Despite the film's sometimes weighty ambitions, Nolan deserves high marks for not turning "Interstellar" into a preachy message movie. Given the never-ending arguments over the environment – specifically climate change (or global warming) – "Interstellar" in lesser hands could have devolved into a political debate and/or ideologically-infused cautionary tale, and alienated half of its audience in the process.

Instead, Nolan smartly doesn't take sides, finding a very viable narrative in its Dust Bowl scenario and in the process avoiding any finger-wagging at audiences (who just want to be entertained) and bestowing any blame on the humans in the film who are just struggling to survive. A film filled with optimism, Nolan makes "Interstellar" first and foremost a compelling piece of science fiction, which oddly isn't driven by doom, but hope.

"We'll find a way. We always have," Cooper says in the movie. And when all is said and done, "Interstellar" will make you believe that the sky truly is the limit.

"Big Hero 6" (PG) ***1/2 (out of four)

An exciting new, big-screen superhero franchise has been born with "Big Hero 6," an entertaining and emotional computer-animated offering that feels like a cross between "The Incredibles" and "The Iron Giant," yet mostly emerges with its own unique identity.

Based on a Marvel comic book series of the same name, "Big Hero 6" stars the voice of Ryan Potter as Hiro Hamada, an orphaned, 14-year-old robotics prodigy being raised by his aunt, Cass (Maya Rudolph), and older brother, Tadashi (Daniel Henney), in the tech-infused city of San Fransokyo.

Always his brother's keeper, Tadashi convinces Hiro that his gifts are better suited for a local science university instead a making quick cash in backdoor robot-fighting games, and he encourages him to enter a contest that will guarantee a spot at the prestigious institute. It's the place where Tadashi learned the skills to build Baymax, an inflatable robot whose main function is to detect health problems with its owner.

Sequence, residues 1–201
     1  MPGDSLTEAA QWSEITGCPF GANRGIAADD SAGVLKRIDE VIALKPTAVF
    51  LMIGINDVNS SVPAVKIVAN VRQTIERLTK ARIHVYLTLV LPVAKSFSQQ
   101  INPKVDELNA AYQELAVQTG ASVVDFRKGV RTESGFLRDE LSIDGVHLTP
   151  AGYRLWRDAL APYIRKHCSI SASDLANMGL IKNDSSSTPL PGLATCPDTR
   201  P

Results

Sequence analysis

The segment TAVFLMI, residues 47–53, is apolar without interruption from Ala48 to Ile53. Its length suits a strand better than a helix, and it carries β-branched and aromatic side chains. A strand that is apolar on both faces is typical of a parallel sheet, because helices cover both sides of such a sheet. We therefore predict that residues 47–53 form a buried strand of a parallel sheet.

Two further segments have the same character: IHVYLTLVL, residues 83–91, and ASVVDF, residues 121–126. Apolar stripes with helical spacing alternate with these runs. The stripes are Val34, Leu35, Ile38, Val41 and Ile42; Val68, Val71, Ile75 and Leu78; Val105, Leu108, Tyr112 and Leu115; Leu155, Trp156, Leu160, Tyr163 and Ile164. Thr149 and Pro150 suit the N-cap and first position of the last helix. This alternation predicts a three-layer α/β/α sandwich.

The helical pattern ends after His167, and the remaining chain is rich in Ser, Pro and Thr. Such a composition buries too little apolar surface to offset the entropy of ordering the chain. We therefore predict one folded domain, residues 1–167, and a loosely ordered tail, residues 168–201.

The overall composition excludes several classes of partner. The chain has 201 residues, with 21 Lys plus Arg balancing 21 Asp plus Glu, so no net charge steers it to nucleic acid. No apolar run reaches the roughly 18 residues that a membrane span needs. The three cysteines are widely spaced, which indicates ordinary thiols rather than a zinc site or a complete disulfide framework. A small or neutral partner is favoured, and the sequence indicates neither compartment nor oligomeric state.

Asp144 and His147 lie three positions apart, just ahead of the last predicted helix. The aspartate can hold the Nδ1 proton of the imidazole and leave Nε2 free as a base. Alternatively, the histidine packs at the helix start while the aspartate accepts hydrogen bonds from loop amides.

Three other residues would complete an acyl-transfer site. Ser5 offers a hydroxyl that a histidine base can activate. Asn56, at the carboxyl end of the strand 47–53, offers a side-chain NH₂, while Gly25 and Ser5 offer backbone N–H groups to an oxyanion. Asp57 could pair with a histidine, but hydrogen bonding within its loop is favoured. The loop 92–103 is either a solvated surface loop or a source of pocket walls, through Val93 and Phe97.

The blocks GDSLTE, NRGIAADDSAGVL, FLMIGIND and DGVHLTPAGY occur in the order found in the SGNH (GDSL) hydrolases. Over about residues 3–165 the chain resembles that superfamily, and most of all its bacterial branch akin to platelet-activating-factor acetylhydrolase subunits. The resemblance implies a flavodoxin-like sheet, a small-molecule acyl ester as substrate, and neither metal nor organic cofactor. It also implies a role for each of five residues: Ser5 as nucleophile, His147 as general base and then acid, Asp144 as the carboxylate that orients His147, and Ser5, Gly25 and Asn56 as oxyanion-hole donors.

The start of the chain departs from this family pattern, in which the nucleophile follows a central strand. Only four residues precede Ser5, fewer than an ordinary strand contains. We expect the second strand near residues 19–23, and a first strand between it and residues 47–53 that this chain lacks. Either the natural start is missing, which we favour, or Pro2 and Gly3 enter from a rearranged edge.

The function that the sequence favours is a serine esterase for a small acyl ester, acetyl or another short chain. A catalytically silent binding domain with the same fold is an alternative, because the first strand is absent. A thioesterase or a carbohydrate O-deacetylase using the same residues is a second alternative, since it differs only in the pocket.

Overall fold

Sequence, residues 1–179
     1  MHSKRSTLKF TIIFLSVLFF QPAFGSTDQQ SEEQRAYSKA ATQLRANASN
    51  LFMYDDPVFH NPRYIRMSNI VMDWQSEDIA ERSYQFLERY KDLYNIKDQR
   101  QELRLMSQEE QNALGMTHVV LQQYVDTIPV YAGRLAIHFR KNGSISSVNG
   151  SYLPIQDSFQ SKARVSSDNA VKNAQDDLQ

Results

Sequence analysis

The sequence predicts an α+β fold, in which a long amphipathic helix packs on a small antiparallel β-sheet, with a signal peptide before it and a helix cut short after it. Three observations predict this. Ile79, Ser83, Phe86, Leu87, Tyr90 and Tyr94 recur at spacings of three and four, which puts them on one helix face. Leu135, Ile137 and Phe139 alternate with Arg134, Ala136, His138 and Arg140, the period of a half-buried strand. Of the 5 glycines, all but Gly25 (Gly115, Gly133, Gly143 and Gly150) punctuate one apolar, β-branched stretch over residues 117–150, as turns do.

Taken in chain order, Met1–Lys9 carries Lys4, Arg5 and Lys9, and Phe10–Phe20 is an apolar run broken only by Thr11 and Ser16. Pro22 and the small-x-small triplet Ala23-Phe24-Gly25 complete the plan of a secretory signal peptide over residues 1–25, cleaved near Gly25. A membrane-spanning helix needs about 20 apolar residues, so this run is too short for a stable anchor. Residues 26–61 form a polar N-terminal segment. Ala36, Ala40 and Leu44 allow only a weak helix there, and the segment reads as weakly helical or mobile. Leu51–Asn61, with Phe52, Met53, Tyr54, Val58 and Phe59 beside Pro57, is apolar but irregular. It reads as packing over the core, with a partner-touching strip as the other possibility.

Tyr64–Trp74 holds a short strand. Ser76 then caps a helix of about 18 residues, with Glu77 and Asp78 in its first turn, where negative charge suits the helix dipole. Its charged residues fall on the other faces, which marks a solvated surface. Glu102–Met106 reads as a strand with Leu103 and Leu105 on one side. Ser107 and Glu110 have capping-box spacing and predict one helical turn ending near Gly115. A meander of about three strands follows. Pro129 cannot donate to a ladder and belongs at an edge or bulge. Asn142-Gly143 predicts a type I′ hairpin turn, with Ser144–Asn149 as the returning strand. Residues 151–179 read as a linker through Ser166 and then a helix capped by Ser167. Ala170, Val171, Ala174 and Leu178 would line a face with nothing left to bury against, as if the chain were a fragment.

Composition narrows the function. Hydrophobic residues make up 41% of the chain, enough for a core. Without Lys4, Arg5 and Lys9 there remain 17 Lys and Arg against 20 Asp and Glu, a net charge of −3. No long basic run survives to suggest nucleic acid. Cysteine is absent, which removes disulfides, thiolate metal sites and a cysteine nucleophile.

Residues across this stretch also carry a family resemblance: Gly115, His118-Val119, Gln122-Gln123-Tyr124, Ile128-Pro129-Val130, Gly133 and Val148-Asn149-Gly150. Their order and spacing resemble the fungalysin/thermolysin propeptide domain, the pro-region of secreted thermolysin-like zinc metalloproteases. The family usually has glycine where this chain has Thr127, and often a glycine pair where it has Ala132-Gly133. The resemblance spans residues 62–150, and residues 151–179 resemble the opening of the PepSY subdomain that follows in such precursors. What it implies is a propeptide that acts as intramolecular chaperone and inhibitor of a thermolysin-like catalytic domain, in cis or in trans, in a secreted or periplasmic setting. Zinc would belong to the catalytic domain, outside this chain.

It doesn't take Hiro long to impress the college with his own invention, something that's so advanced that it's sure to revolutionize the robotics industry. Hiro's excitement, though, is quickly tempered when his brother, in a valiant effort to save his mentor's life, dies in an explosion at the school.

Left with only Baymax to remember his brother by, Hiro is resistant to the robot's offer to heal his heartache, until he discovers that his invention was stolen and his brother's death was not accidental. However, the team can't work alone, which leads Hiro to recruit Tadashi's closest classmates to form a high-tech squad of superheroes to capture the mysterious villain responsible for the tragedy.

While "Big Hero 6" is grounded in a tragedy, the movie manages to maintain a spirited and uplifting vibe throughout. Loaded with laughs and plenty of heart, "Big Hero 6" is a great movie for all ages that not only manages to engage viewers with its fast action, visual gags and crackling dialogue, but ultimately reveals a winning tale about family priorities and maintaining the essence of loved ones in the face of great loss.

While the voice acting across the board is spot on, it shouldn't come as a big surprise that the Baymax, expertly voiced by comedian Scott Adsit ("30 Rock"), is the most lovable character in "Big Hero 6." Maybe it's because Baymax is the first inflatable robot we've seen on the big-screen that seems so darn huggable, or maybe it's because it's a character that, despite speaking in monotone phrases, seems to become more human as the film rolls along.

There's an answer why, of course. I won't reveal it here, but it's a powerful and poignant moment when we discover exactly what it is that drives this seemingly soulless machine. Forget about "Transformers," there truly is something about the robot in "Big Hero 6" that has more than meets the eye.

Tim Lammers is a veteran entertainment reporter and a member of the Broadcast Film Critics Association, and annually votes on the Critics Choice Movie Awards. Locally, he reviews films for BringMeTheNews, “KARE 11 News at 11” and various Minnesota radio stations.